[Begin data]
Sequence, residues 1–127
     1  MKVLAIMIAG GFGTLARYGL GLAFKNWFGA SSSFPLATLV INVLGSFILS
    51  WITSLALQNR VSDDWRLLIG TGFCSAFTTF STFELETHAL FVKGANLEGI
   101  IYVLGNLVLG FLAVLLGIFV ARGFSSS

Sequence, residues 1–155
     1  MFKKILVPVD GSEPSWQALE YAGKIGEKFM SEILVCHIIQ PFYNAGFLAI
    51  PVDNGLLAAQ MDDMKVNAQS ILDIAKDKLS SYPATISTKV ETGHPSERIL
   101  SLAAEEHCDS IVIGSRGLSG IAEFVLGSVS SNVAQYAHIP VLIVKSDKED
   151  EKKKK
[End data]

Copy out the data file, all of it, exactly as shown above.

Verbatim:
Sequence, residues 1–127
     1  MKVLAIMIAG GFGTLARYGL GLAFKNWFGA SSSFPLATLV INVLGSFILS
    51  WITSLALQNR VSDDWRLLIG TGFCSAFTTF STFELETHAL FVKGANLEGI
   101  IYVLGNLVLG FLAVLLGIFV ARGFSSS

Sequence, residues 1–155
     1  MFKKILVPVD GSEPSWQALE YAGKIGEKFM SEILVCHIIQ PFYNAGFLAI
    51  PVDNGLLAAQ MDDMKVNAQS ILDIAKDKLS SYPATISTKV ETGHPSERIL
   101  SLAAEEHCDS IVIGSRGLSG IAEFVLGSVS SNVAQYAHIP VLIVKSDKED
   151  EKKKK